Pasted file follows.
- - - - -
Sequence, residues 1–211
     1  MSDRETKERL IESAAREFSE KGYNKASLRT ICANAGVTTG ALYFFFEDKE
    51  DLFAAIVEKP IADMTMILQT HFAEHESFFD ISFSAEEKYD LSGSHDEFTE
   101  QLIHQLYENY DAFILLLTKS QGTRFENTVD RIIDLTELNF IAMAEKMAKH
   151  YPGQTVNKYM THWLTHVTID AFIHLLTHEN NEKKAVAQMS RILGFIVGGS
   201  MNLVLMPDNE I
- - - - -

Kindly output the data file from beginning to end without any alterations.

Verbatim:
Sequence, residues 1–211
     1  MSDRETKERL IESAAREFSE KGYNKASLRT ICANAGVTTG ALYFFFEDKE
    51  DLFAAIVEKP IADMTMILQT HFAEHESFFD ISFSAEEKYD LSGSHDEFTE
   101  QLIHQLYENY DAFILLLTKS QGTRFENTVD RIIDLTELNF IAMAEKMAKH
   151  YPGQTVNKYM THWLTHVTID AFIHLLTHEN NEKKAVAQMS RILGFIVGGS
   201  MNLVLMPDNE I